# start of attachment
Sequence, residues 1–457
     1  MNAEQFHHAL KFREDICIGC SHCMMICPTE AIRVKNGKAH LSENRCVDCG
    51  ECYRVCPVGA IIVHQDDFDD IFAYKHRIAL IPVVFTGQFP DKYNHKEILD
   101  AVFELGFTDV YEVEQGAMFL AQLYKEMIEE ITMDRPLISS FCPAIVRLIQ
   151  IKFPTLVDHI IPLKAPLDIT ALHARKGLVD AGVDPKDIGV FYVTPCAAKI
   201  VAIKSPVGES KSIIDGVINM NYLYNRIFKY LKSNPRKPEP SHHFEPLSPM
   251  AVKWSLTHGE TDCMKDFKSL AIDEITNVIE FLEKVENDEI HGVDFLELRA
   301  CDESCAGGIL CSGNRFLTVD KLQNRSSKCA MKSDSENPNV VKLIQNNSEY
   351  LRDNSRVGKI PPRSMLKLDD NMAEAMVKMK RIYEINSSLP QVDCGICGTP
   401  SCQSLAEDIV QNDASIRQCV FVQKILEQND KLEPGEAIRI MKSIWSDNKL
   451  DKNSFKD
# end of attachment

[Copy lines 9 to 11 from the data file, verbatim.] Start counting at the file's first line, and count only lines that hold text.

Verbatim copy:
   351  LRDNSRVGKI PPRSMLKLDD NMAEAMVKMK RIYEINSSLP QVDCGICGTP
   401  SCQSLAEDIV QNDASIRQCV FVQKILEQND KLEPGEAIRI MKSIWSDNKL
   451  DKNSFKD